If your bathroom is tiled, or if there is a tiled splashback around the bath, the simplest solution is to bridge the gap with quadrant tiles the ceramic equivalent of wooden quadrant beading.
These are normally available singly as straight lengths with both ends cut square, or with one end finished in a bullnose, and in mitred pairs for coping with internal corners. One drawback with quadrant tiles is that they are becoming difficult to obtain, and it’s worth bearing in mind that not only can they work out quite expensive, but they also come in limited range of colors (designed to existing bathroom suites rather than tile ranges).
If you’re going to seal the gap in course of actually tiling the wall splashback, then you can fix the tiles in position and grout them in the way, 12-24 hours after the last has been pressed into place. In to accommodate any movement, you should make sure that the Wes bedded in a thick layer of silicone where they rest on the bath’s lip. On the other hand, if you’re faced with existing round the edge simply bed the tiles in mastic from start to finish. using instead of grout as well.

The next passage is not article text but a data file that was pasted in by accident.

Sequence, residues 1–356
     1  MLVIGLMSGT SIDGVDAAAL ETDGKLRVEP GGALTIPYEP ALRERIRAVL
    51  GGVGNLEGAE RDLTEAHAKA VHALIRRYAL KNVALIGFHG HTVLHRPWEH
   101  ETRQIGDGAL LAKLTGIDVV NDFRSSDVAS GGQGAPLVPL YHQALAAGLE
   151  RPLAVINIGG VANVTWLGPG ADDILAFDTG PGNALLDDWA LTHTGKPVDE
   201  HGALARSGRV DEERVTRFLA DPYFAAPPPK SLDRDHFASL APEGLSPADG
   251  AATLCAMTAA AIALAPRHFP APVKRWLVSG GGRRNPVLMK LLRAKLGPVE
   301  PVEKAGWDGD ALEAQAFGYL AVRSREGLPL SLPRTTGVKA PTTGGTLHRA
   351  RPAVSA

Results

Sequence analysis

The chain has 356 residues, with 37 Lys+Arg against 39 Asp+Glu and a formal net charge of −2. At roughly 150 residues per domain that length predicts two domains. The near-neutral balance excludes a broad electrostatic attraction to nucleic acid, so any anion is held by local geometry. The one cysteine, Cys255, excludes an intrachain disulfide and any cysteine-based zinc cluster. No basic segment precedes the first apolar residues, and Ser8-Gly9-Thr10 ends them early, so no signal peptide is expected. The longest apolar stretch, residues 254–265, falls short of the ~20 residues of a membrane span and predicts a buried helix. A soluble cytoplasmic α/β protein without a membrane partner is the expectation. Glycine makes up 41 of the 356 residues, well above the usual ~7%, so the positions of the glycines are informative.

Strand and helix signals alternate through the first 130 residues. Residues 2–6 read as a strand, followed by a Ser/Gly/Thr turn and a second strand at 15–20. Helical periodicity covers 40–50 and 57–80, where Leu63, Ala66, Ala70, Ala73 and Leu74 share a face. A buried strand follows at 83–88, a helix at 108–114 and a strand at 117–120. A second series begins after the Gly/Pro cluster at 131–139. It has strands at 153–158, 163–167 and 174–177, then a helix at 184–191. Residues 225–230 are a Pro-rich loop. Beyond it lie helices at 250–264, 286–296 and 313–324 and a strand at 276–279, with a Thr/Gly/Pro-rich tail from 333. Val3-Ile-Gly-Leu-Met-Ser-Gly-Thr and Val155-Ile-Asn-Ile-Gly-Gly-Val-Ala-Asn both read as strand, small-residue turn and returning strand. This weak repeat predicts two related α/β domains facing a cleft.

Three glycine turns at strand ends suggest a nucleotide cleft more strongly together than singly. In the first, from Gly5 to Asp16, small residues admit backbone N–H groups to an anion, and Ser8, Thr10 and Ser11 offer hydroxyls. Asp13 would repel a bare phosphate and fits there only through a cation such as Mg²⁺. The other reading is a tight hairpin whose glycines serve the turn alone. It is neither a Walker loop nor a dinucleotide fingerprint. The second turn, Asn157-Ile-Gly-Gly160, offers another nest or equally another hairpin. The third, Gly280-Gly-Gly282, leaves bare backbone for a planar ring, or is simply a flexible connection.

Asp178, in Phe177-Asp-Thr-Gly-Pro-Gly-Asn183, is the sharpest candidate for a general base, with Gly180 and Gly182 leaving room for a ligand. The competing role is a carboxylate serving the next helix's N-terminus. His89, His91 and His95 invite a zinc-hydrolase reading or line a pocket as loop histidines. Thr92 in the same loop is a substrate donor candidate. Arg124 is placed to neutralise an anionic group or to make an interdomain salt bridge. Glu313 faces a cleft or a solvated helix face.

Quadrant tiles can be used successfully in situations where the wall is not hied—pew painted, papered, or timber-ciad.
However, in the last case it’s worth considering the use of timber quadrant beading as an alternative. All you have to do is pin it to the cladding or fix it to clean, bare plaster using an epoxy resin adhesive.
Again, make sure that the timber is bedded in mastic where it rests on the lip of the bath, shower tray or basin. Do remember to treat the timber with a good-quality preservative (one that can be painted or varnished over) and then paint or varnish it all round, including any cut ends, before fixing it in place.